Module Spotlight – Experiment Broker

Rapidly deploy and execute experiment tests in your AWS environment


Data loss and downtime are significant risks for organizations in the financial services industry. Any lost data or application downtime can impact customer satisfaction, damage an organization’s brand, and potentially bring costly regulatory scrutiny or fines. Thorough experiment testing helps you discover unknowns in your infrastructure and application, limiting potential downtime and data loss by learning how your system can fail and how to build in tolerances for that failure. The Vertical Relevance Experiment Module provides a quick path to setting up resiliency testing infrastructure in any AWS environment, so you can begin testing your application.

Problem Statement

The AWS Shared Responsibility model provides assurances for the reliability of the underlying hardware your AWS applications run on, but not for your application. Have you produced requirements for uptime and data integrity (also known as non-functional requirements, or NFRs) for your application? Have you tested your application under failure conditions to ensure those NFRs are met even when part of your application fails?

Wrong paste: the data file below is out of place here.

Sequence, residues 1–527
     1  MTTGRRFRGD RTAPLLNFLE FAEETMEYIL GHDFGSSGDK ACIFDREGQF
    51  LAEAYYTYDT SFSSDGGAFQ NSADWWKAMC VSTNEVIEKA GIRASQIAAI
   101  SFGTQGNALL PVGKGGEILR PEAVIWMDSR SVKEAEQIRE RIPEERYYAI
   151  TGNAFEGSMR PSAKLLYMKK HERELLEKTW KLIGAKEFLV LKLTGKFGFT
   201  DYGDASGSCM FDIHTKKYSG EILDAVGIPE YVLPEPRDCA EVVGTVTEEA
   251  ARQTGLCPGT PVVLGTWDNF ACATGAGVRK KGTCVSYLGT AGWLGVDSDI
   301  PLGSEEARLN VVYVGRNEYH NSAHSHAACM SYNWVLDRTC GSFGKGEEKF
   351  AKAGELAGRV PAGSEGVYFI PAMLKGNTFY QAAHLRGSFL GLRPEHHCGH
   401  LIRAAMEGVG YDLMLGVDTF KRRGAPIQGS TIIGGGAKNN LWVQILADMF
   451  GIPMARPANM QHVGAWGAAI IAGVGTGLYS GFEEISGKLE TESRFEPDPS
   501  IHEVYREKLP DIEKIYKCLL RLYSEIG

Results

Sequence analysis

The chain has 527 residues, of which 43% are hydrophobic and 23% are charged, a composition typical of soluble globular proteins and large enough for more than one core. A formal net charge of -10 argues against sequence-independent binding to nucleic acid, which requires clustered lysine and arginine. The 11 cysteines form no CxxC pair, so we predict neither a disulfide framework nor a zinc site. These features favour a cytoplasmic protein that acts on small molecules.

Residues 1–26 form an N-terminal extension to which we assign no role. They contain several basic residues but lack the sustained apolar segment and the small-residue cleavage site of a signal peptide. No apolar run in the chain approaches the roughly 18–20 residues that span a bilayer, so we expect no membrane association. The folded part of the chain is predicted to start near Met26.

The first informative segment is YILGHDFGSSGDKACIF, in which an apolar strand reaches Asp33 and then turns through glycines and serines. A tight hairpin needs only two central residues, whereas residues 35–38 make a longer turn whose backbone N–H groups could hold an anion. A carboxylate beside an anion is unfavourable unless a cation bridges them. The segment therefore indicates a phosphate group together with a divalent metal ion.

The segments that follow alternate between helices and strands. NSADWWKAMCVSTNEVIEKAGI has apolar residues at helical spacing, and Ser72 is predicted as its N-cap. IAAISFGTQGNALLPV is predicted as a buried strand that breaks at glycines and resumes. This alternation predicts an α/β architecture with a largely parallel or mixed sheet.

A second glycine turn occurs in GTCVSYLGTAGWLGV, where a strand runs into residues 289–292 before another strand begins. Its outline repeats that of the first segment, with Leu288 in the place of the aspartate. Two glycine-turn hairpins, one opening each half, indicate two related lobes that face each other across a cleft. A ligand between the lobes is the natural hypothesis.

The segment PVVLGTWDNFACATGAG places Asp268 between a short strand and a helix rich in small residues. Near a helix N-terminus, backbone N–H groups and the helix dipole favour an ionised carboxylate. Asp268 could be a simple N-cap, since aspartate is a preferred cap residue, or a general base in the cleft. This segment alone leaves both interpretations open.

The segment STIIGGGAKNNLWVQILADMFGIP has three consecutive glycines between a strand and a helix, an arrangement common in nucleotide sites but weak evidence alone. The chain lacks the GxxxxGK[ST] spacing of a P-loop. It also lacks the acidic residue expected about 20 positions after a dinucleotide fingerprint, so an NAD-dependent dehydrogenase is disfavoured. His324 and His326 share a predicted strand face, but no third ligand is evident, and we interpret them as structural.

Applications fail, whether on-premises or in the cloud. Failures negatively affect outcomes for uptime and data integrity.  Testing resilient and fault-tolerant infrastructure is a critical step in designing any cloud application, ensuring that your application can withstand failures and still deliver.

The Vertical Relevance Experiment Module provides a quick start to testing application failures to discover how they affect your business deliverables. 

Below is a matrix that outlines two primary problems that are addressed by the Experiment Broker.

Points of failure affect NFRs in unknown waysWithout a thorough review, points of failure, including single points of failure, can go unnoticed. This often leads to downtime and loss of data in unexpected events. For many financial services organizations, downtime and data loss are unacceptable, and either could lead to negative business outcomes, or unwanted regulatory scrutiny.  Even when potential points of failure are identified, their effect on the application is unknown until tested. Certain failure types may be acceptable, or the costs associated with remediation may be untenable.
Discovering and remediating failures is time consuming and costlyEvery application is at risk of failure. Unfortunately, subpar resiliency testing approaches within lower environments and slow response plans in production often lead to negative impact on end user experience. Specifically, when these failures make their way into production environments, every second matters and it is critical to remediate the root cause and re-establish a positive end user experience as quickly as possible.